Here is this week’s Dvar Torah: from Bruce Washburn:
Gamma Rays and the World to Come
Parashat Ki Teitzei contains one of the largest concentrations of mitzvot in the Torah, including the commandment to send away the mother bird before taking its young. The Torah does not give any reason for this commandment, and while we might assume it is a way of showing compassion to animals, the Talmud cautions against this way of thinking. As the rabbis argue (Mishnah Berachot 5:3), we cannot presume to know the reasons for God’s commandments; we must fulfill them because God commands us to do so, and not speculate further. In rabbinic literature, the commandment to send away the mother bird—described in just two verses in our parashah—becomes an occasion for exploring the inscrutability of God’s justice and the seeming arbitrariness of divine retribution.
The Talmudic rabbis discuss the details of how this commandment must be performed at great length. The Torah teaches, “If, along the way, you chance upon a bird’s nest in any tree or on the ground, with fledglings or eggs and the mother sitting over the fledglings or on the eggs, do not take the mother together with her young” (22:6). The rabbis explain that “chance upon” indicates that this commandment does not apply to domesticated birds kept within the house, but only to birds one happens to come across while outside (Hullin 139a). They specify that even if there is only one egg or one fledgling in the nest, it is still necessary to send away the mother bird. Even if the mother is not sitting on the nest but merely hovering over it, it is necessary to send her away as long as her feathers are touching the eggs or fledglings. The rabbis note that in the next biblical verse, when the Torah says “Send the mother away and take the young for yourself,” the term for “send” is written in a doubled form (shaleach te’shalach), which they interpret as signifying that if the mother bird keeps returning to the nest, it is necessary to send her away repeatedly.
Although the Torah does not give a reason for the commandment to send away the mother bird, it does stipulate the reward for doing so: “Send the mother away and take the young for yourself, in order that you may fare well and have a long life” (22:7). It is rare for the Torah to list a reward for performing a commandment; one of the only other instances is with the commandment to honor one’s father and mother “in order that you may have long life and farewell” (Deuteronomy 5:16). The Talmudic rabbis are troubled by all the cases in which people fulfill these commandments and do not receive the promised reward. On the final page of tractate Hullin (141b), they tell of one such incident: “There was once someone whose father said to him: Climb up to the top of the building and bring me fledglings, and he climbed to the top of the building and sent away the mother bird and took the offspring. But as he returned, he fell and died. Where is the length of days for this one?” How to account for the boy’s death while he was simultaneously fulfilling the two commandments for which the Torah promises long life?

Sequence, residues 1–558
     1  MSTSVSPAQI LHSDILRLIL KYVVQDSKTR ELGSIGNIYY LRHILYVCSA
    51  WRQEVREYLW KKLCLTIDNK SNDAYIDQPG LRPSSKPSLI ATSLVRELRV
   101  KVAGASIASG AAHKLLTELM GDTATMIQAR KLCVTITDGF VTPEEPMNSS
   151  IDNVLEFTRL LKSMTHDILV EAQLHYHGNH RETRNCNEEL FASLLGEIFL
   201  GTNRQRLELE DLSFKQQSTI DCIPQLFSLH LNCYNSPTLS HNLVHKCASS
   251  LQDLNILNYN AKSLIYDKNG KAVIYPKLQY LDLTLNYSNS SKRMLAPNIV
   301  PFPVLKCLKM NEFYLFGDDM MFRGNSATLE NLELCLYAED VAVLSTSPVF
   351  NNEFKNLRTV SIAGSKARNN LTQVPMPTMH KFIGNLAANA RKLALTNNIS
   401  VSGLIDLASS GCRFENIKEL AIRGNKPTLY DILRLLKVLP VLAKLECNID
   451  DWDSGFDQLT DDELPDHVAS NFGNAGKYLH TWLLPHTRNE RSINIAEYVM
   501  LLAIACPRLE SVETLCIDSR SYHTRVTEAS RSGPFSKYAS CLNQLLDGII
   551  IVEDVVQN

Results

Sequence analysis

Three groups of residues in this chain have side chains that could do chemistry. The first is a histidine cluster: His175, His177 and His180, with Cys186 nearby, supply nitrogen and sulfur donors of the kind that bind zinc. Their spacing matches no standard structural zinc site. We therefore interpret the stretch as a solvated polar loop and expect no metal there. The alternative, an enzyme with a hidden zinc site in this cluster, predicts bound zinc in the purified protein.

The rabbis explain that although the Torah promises length of days for fulfilling these commandments, that reward refers not to this world, but to the world to come: “There is no mitzvah in the Torah whose reward is specified alongside it which is not dependent on the resurrection of the dead” (Hullin 141b). They explain that “in order that you may have a long life” refers to life in the world that is entirely long, and “that you may fare well” refers to the world that is entirely good. In this world divine justice seems completely arbitrary; bad things are forever happening to good people. But that is only because the world we live in is only part of a larger totality. What we see is not all there is, because there is another realm, the world to come, where justice will be served. This notion may not be very comforting to our secular, this-world-oriented sensibilities, and yet to the rabbis, it was very clear that our human perspective is only a fraction of what God perceives.
On account of our limited human perspective, we know less than we often think we know. We may think we know how much a good person suffers, or how easy life is for someone cruel and uncharitable; and yet none of us can presume to fully know what is going on in other people’s houses, behind closed doors. But as with visible light, which comprises only a fraction of the electromagnetic spectrum, so, too, we can see only a fraction of the realm in which God’s retribution is meted out to humanity. The world to come is like the ultraviolet and gamma rays our eyes cannot detect; we can comprehend it, but we cannot apprehend it.
The Talmud’s discussion of the mitzvah to send away the mother bird concludes with a reference to the most famous (or infamous) ancient Jewish heretic, Elisha ben Abuya, known in the Talmud as Acher, meaning Other. According to one view, Elisha witnessed this incident of a boy plummeting to his death after sending away the mother bird as per his father’s instructions, and in response, he became a heretic. The rabbis explain that he did not know that the Torah’s reward refers to the world to come, and thus he lost faith. In the face of so much injustice in our world, it is sometimes hard to remember that what we see is not all there is. We can never fully understand the workings of divine justice, and perhaps it would be presumptuous to try to do so. May awareness of our own limited perspective instill in us a deep sense of humility in the face of a world so much larger and more complex than any of us can fully make sense of, or even sense.